SeptemberSailing Long Island Sound, Visiting with Thoreson Relatives, Visiting Other Saga Owners, Learning How To Use the Tides and Currents To Our Advantage and Arriving In Annapolis

Carl’s nephew, Jerome Tufte, joined us in New York City on September 1st. Jerome had just completed the mandatory sophomore summer semester at Dartmouth College so he was ready to rest and relax by cruising with us. He met us at the West 79th Street Yacht Basin where we were at a mooring. We did not have a final destination in mind when we dropped the mooring line other than to make it into Long Island Sound and then find a spot to anchor for the night.

The route to Long Island Sound is down the Hudson to the tip of Manhattan, under the Brooklyn Bridge up the East River, past the United Nations and Roosevelt Island, past Riker Island (another huge prison sitting on some prime real estate) and La Guardia Airport (jets taking off over our mast) and then out to the sound itself.

The first picture is of the skyline of Manhattan as we traveled south on the Hudson River. The second picture is the Brooklyn Bridge on the East River.


There is a place on the East River past the United Nations Building and northeast of Roosevelt Island called Hell Gate. Earlier in the summer, I listened to stories about different passages through Hell Gate (mostly by sailors with high blood levels of testosterone). At Hell Gate, tidal currents are funneled into a narrow space and then deflected by several land masses. The currents are strong with whirlpools and crosscurrents forming standing waves. At my request, Carl studied the tide and current tables so that we passed through Hell Gate under “whimp conditions”. It was something to see even at "whimp level"---like a pot of boiling water. The price we paid for using “whimp conditions” was having to sail against the current for several hours.

We had a great sail once we entered Long Island Sound. In fact, we were moving so fast we missed two of the anchorages we had identified as possible overnight stays going all the way to Oyster Bay. When we were close to Oyster Bay we started noticing all the lobster pots which should be avoided. It is not a good thing to have a lobster trap tangeled up in your prop. Oyster Bay has some interesting history… served as the British Headquarters during the Revolutionary War and was home to Robert Townsend, George Washington’s famous spy. Teddy Roosevelt’s summer home, Sagamore, is in Oyster Bay. Finally, one of the restaurants in Oyster Bay claims to have the best hamburger on Long Island. Jerome and I validated this claim! I think they can extend the region to the East Coast1

The following picture is sailboats racing in Oyster Bay right off our stern. I was sitting in the cockpit, reading when all of a sudden boats are trying to out maneuver one another at the mark.....lots of shouting at each other and sail noise.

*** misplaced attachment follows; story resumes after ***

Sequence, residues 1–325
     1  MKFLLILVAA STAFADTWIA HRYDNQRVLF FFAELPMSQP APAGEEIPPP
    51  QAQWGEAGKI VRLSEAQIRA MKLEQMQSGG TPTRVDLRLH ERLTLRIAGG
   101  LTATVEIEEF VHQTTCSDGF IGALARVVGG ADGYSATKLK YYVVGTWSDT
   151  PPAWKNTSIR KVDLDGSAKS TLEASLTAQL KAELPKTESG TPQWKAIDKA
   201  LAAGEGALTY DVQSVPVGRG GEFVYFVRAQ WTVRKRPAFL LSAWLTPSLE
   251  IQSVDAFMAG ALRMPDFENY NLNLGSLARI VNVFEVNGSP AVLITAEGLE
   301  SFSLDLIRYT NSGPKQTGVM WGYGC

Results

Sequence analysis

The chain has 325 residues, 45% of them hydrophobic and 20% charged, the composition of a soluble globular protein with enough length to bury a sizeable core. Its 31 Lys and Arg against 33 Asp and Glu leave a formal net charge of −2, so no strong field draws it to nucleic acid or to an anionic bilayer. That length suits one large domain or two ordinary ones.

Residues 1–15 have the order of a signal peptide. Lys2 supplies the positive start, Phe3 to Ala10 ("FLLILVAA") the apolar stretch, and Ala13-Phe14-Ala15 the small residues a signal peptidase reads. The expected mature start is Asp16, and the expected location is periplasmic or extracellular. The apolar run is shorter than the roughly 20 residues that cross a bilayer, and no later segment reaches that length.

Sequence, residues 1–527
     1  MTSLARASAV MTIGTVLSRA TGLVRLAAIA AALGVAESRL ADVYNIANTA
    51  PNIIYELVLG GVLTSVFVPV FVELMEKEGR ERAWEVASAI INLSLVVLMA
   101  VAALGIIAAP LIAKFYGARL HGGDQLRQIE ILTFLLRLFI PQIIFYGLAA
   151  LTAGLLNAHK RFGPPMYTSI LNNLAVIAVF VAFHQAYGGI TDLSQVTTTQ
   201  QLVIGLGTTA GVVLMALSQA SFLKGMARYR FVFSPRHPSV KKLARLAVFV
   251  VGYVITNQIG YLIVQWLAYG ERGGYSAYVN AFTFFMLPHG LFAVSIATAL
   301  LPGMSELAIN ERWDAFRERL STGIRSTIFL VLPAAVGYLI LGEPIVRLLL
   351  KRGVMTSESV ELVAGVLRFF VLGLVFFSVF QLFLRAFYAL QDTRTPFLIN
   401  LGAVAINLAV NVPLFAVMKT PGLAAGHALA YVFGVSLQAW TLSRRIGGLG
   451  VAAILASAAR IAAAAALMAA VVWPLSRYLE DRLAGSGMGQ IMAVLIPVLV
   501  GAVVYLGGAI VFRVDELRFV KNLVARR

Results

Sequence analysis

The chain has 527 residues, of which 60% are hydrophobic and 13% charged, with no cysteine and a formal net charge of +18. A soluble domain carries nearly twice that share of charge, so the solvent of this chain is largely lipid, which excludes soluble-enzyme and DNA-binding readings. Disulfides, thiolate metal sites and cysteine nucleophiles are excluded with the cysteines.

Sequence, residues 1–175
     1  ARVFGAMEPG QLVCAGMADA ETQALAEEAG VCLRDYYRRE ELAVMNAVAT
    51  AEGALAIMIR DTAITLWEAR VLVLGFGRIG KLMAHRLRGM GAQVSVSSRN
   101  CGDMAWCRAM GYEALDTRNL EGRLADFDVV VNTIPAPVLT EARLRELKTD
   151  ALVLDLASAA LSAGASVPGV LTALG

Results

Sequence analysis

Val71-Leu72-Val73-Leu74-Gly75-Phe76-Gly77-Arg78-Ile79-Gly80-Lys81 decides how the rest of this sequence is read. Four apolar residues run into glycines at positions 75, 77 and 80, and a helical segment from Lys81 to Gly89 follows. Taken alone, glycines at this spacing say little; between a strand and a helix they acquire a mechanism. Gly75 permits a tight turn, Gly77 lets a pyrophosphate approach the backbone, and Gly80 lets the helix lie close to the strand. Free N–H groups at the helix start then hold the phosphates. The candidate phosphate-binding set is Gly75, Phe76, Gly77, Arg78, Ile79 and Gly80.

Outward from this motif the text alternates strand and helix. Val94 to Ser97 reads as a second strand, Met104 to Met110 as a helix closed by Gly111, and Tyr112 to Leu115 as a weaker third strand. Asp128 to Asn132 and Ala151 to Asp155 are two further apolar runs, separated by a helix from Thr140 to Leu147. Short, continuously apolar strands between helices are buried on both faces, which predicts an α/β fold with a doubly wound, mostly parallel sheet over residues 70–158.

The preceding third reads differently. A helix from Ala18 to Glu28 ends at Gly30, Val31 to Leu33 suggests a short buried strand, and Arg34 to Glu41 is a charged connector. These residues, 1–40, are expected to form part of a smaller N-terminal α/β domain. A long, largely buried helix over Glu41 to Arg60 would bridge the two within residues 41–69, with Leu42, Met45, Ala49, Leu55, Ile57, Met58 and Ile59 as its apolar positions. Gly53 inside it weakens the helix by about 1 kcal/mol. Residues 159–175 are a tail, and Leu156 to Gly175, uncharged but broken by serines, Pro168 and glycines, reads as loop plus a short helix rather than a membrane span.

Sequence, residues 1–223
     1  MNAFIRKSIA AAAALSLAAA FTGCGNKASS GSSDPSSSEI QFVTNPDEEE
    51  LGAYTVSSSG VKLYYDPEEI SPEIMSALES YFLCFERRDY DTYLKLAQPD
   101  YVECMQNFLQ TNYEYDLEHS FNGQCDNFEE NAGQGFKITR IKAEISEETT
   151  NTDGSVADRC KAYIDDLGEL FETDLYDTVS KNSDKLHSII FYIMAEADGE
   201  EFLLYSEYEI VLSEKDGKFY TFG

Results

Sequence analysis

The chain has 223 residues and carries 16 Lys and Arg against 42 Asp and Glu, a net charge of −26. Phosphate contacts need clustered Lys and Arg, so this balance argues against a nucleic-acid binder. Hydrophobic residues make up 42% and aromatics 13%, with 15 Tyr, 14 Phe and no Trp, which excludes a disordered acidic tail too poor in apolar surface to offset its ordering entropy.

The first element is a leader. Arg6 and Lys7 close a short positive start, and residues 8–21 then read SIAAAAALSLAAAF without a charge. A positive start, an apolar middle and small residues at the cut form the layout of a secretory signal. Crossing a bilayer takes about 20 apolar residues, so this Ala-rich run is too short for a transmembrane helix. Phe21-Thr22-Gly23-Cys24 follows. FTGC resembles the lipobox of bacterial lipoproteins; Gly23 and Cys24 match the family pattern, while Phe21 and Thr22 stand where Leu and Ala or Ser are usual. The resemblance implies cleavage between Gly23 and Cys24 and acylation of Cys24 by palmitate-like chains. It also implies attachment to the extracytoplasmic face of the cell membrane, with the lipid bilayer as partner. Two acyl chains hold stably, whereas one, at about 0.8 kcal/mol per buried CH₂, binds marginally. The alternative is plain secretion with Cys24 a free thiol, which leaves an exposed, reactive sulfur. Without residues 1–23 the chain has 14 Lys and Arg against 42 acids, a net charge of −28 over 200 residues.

Wanted to be in Sag Harbor for Labor Day weekend. We needed to pass through Plum Gut in order to get to Sag Harbor. Plum Gut is a deep, narrow passage through which the sea surges with tremendous force at maximum current. There are scary tiderips and standing waves. Frankly, if the place on East River is called Hell Gate…..then Plum Gut is Hell Door. Plum Gut made Hell Gate seem like a cake walk.

At Sag Harbor, we anchored with about 25-30 other boats (sail and power). One of the motor yachts had a helicopter on the top deck. I just could not get over the number of large luxury yachts (100 plus feet). Carl tells me that I will see bigger yachts as we head south to Florida. Carl’s cousin, Karen, has a cottage in Amagansett which is on the south shore of Long Island. Karen picked us up in Sag Harbor so we c ould join her and her friends for dinner Saturday night. It was also a treat to use her shower (did not have to conserve water) and laundry facilities! We stayed for a delicious dinner before going back to the boat for the night. On Sunday, Karen and her friends, Helene and Mitch, joined us on DISCOVERY for appetizers and cocktails. Monday, Jerome went back to school so we were on our own again and ready to move to another harbor.

Our next destination was Mystic, Connecticut (yes, we had to go through Plum Gut again…timing the passage so the current helped us). Mystic is a picturesque New England community. Mystic is also home to the Mystic Seaport Museum which is a living museum…..people in period costumes acting out parts; restored whaling ships; and an entire whaling community. Yes, Mystic is also associated with the film "Mystic Pizza". Mytic Pizza shop is open....the waterway guide suggests you stop by to look but go elsewhere for good pizza.

The following picture is of the “MYSTIC WHALER” that was sailing around as we entered Mystic River. This ship takes passengers out for a sail that includes lunch. Boy were there some fantastic aromas when they passed us. This would not be true of original whaling vessels!